Monday, October 13, 2014

Count Interpreter... What's That??

The answer to the question posed as the title of this post is quite simple, but also misleading. My job as the Count Interpreter at Hawk Ridge is not to count birds, as that is the job of the counters, but to interpret them. Interpreting is an interesting piece in and of itself. What do I say about birds? What is useful to know? When can I stop talking about Sharp-shinned Hawks? 

Northern Shrike - Clinton Nienhaus
Generally, my approach is to address the bird as I see it and as the viewers up on the Ridge see it. I take the bird and break it down to what it is and why it is. Sometimes the birds are cooperative and I can call out marks A, B, and C of a Sharp-shinned Hawk or of a Red-tailed Hawk, but other times the birds are not. They  sneak out of view and I am cut-off, hoping for another flyby and nice view for the folks up on the ridge. I often consider that most of the folks I have been in contact with up on the Ridge do not have the ready access to sharpies as we do in the north woods. In the Twin Cities for example, there are no breeding sharpies, instead they are replaced by Cooper's Hawks. So for me, a bird that is dime-a-dozen may be out of the ordinary for other folks. Knowing this makes my interpreting of hundreds of sharpies a day, not monotonous, but valuable!

Birds are the main reason people come up to the Ridge, but for me, the people that come up to the Ridge are just as interesting. I hope that through conversations I can cater my interpretation of the birds overhead to their knowledge level or interest. But more frequently, I hope that there are good birds flying to give people a life bird, or a special memory of their time at Hawk Ridge.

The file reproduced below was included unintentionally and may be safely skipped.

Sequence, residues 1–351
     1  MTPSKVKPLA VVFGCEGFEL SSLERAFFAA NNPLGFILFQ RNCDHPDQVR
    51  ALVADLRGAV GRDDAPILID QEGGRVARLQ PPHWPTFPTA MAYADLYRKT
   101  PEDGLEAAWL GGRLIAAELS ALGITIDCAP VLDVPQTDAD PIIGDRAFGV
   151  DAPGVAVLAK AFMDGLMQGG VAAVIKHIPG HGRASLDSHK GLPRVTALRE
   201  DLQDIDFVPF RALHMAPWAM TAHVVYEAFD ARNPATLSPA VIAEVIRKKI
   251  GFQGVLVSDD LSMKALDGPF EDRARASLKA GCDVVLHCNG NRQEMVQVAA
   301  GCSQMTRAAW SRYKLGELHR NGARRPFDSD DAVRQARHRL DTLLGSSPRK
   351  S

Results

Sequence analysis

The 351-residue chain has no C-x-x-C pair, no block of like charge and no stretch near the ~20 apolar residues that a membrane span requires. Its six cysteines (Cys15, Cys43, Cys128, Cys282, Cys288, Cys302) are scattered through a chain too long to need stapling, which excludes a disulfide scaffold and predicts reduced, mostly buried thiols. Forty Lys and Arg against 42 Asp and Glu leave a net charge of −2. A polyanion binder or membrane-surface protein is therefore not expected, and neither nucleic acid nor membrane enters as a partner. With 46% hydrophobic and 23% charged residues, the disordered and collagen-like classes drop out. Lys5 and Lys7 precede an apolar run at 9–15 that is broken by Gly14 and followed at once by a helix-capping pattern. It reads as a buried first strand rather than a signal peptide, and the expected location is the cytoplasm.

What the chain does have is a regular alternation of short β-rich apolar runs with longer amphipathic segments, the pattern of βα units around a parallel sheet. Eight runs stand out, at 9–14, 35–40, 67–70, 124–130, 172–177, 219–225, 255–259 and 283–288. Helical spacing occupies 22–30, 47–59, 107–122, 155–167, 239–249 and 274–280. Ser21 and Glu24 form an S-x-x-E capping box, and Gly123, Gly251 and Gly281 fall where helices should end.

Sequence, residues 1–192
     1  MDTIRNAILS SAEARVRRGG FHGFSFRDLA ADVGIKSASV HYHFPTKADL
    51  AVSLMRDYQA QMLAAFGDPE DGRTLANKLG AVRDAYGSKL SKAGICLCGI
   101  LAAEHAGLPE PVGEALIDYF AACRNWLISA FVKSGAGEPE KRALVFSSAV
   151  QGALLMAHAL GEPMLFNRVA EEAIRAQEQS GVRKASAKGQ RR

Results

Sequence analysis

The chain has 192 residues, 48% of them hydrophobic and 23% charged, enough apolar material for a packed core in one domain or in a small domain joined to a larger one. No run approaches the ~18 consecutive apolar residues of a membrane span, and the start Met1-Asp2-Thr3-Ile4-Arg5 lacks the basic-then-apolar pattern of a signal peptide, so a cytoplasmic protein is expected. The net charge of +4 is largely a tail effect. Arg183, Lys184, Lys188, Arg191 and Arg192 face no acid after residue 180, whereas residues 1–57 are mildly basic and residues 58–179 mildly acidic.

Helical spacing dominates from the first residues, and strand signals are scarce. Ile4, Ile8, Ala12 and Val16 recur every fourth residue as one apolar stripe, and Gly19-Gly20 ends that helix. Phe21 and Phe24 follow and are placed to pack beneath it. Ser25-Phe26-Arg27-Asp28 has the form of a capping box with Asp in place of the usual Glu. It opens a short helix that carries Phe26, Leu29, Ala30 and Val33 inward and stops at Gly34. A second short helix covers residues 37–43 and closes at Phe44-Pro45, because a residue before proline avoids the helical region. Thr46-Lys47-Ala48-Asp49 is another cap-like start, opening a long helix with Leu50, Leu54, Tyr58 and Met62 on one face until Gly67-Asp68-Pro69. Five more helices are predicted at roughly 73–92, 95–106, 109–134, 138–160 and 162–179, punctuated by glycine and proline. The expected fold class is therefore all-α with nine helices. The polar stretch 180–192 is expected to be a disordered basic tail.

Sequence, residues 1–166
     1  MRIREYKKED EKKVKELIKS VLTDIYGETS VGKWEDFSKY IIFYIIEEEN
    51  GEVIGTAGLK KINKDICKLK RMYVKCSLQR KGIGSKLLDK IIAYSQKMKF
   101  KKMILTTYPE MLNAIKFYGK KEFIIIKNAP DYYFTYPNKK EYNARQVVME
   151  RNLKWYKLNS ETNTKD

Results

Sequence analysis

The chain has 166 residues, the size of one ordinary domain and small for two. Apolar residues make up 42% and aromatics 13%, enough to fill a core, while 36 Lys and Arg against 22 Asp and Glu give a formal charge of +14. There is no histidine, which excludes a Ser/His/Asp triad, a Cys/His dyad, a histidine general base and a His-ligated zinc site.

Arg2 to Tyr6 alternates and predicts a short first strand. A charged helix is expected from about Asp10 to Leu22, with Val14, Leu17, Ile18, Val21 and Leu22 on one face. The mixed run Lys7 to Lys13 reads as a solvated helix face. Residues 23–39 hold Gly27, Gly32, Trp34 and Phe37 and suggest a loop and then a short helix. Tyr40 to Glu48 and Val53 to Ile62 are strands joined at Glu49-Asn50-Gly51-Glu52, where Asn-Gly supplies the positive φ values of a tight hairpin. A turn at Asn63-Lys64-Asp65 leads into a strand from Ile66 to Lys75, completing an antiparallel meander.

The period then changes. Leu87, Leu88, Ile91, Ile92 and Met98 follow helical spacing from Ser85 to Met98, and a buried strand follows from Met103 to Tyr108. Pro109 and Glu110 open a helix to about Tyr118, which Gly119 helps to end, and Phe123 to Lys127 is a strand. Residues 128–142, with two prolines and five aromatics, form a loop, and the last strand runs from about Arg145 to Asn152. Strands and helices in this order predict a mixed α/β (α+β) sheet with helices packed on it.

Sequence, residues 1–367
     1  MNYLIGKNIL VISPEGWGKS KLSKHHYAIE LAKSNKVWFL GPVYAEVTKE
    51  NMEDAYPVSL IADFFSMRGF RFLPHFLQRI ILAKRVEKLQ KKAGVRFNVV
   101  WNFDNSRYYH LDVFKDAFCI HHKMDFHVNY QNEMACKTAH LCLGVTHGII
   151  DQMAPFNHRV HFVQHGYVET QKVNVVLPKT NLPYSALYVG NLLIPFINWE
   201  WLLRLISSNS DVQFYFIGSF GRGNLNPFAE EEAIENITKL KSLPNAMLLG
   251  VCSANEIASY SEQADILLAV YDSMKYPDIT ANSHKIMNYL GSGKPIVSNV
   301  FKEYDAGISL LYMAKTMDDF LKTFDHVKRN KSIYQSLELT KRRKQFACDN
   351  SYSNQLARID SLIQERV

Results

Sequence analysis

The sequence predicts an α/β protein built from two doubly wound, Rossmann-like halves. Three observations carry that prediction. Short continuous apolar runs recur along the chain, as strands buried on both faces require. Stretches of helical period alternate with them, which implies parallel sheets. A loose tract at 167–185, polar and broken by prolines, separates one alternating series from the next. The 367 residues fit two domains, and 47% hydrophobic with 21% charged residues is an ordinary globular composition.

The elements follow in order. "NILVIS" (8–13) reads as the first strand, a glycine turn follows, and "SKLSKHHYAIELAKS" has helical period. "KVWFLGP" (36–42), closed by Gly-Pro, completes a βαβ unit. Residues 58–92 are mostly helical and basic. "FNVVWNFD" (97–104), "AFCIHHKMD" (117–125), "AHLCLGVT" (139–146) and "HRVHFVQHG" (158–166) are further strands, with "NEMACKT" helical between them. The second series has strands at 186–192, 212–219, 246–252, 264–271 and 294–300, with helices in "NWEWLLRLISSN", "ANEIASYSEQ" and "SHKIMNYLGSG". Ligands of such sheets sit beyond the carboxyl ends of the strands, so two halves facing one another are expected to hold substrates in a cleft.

On 10/9 we had a Golden Eagle fly over. He (or she) was very high in the sky and was in view for seemingly minutes. I did my shtick of describing the bird as it was flying, being sure to note the flight shape and characteristics versus the far more common Bald Eagle. After a while I ran out of things to say and just sat back to watch the bird soar very high in the sky and ultimately out of sight.  A couple hours passed and an older fellow, who seemed to me to be a lifelong birder, passed by me on his way out and mentioned, very wild eyed and reverent, that the golden eagle that had flown over was the first he had ever seen. I can still picture his expression of pure contentment with his experience. I know that it did not matter what I had said about that bird, for him, it was the bird itself.
Sometimes, interpretation is not saying anything. Just pointing out a bird for people to see. To enjoy. To marvel at its mastery of flight. I hope that I can point out those things and help foster that sense of appreciation and awe in birds. And, I guess if someone takes an ID point or two away that is equally as valuable.   
Clinton Nienhaus
Hawk Ridge Count Interpreter

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